United States Magistrate Judge John Johnston entered Findings and Recommendations in this matter on September 5th, 2018. (Doc. 43). Judge Johnston recommended that Plaintiff's “Motion for Appointment of Counsel” be denied. Id. at 8. Judge Johnston further recommended Defendant's “Motion to Dismiss Plaintiffs' Amended Complaint” be granted. Id.

         The Court reviews de novo Findings and Recommendations timely objected to. 28 U.S.C. § 636(b)(1). The Court reviews for clear error the portions of the Findings and Recommendations not specifically objected to. McDonnell Douglas Corp. v. Commodore Bus. Mach., Inc., 656 F.2d 1309, 1313 (9th Cir. 1981). Where a party's objections constitute perfunctory responses argued in an attempt to engage the district court in a rehashing of the same arguments set forth in the original response, however, the Court will review the applicable portions of the findings and recommendations for clear error. Rosling v. Kirkegard, 2014 WL 693315 *3 (D. Mont. Feb. 21, 2014) (internal citations omitted).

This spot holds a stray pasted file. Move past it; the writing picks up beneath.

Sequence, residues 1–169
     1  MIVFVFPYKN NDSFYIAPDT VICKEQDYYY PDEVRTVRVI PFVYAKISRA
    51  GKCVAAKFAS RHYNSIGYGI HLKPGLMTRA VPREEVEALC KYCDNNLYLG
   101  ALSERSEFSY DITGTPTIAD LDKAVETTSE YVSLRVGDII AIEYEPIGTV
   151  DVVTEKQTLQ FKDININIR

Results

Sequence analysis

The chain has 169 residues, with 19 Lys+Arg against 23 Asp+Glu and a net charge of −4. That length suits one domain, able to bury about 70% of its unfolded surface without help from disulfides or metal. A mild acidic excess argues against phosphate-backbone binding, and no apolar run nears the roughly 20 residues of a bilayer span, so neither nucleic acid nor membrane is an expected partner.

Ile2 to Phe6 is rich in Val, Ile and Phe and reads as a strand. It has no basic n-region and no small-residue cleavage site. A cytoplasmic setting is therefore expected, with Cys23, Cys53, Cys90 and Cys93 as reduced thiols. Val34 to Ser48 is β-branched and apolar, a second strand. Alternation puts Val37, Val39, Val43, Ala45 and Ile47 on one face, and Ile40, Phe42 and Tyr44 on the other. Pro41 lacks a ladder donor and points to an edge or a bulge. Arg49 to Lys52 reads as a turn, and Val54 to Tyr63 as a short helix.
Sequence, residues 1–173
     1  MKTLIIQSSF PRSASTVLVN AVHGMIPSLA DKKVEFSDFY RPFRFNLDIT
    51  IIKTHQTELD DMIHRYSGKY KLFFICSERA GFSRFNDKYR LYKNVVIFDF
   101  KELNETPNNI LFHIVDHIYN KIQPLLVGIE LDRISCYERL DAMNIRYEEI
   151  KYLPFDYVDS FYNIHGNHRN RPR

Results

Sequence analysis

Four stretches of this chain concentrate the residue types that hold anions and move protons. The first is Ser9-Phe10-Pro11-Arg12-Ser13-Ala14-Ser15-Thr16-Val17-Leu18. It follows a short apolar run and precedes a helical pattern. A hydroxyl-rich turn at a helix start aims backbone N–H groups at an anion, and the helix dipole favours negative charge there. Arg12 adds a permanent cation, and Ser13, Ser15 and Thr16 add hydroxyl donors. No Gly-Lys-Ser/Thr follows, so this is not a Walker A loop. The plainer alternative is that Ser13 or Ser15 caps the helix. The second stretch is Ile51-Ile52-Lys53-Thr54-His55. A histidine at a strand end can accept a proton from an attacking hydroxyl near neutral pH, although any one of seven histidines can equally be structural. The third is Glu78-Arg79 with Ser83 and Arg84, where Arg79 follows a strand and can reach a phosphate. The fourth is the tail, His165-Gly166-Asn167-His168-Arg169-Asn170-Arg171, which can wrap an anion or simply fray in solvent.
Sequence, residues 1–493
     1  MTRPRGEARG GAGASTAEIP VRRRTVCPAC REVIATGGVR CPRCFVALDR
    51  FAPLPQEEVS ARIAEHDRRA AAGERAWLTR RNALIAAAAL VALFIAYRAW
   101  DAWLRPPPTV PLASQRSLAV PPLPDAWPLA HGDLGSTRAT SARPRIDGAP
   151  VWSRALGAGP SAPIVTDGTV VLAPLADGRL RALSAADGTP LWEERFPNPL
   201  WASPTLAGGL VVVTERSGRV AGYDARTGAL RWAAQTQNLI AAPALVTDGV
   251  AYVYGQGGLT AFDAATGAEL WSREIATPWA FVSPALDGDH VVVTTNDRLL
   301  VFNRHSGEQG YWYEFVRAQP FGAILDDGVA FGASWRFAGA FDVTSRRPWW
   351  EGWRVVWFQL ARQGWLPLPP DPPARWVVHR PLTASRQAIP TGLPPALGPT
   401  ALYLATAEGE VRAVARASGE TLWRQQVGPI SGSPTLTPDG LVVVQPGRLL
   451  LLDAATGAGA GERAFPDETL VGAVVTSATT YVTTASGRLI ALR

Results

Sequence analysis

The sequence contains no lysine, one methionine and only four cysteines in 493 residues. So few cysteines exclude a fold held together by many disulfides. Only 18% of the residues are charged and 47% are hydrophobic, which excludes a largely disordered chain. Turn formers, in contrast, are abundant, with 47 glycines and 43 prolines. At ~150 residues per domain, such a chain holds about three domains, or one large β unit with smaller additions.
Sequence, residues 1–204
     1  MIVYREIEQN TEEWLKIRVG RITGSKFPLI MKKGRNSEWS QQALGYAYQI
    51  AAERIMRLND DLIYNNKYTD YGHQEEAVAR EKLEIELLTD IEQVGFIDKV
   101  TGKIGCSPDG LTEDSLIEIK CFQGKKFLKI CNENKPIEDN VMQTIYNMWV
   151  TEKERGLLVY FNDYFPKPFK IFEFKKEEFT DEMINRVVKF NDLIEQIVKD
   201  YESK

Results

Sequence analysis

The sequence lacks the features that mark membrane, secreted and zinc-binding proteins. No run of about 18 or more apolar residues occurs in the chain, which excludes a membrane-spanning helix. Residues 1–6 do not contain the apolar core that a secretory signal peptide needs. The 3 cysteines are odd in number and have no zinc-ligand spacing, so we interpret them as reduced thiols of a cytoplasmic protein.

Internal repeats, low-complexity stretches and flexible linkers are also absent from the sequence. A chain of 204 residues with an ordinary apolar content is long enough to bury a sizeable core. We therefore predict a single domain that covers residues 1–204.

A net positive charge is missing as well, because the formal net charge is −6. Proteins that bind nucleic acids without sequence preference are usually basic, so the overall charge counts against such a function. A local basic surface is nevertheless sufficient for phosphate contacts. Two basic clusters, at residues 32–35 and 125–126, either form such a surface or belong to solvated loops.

Plaintiffs timely filed objections to Magistrate Judge Johnston's Findings and Recommendations. (Docs. 47, 48, 51). These objections attempt to engage the Court in a debate of the same arguments that Judge Johnston addressed in the Findings and Recommendations (Doc. 43). Plaintiffs' objections simply restate what Judge Johnston already addressed and the Court finds no clear error in Judge Johnston's Findings and Recommendations. Id.

         The claims asserted by Plaintiffs have their genesis in an intra-tribal dispute. Plaintiffs seek to have the Blackfeet Water Compact declared invalid and unenforceable. Plaintiffs allege that the Compact is invalid and unenforceable because the Blackfeet Tribal Business Council lacked authority under tribal law to negotiate and ratify the Blackfeet Water Compact, and because the referendum election through which the Tribal membership adopted the Compact violated Article IX of the Blackfeet Constitution. (Doc. 29 at 2-3).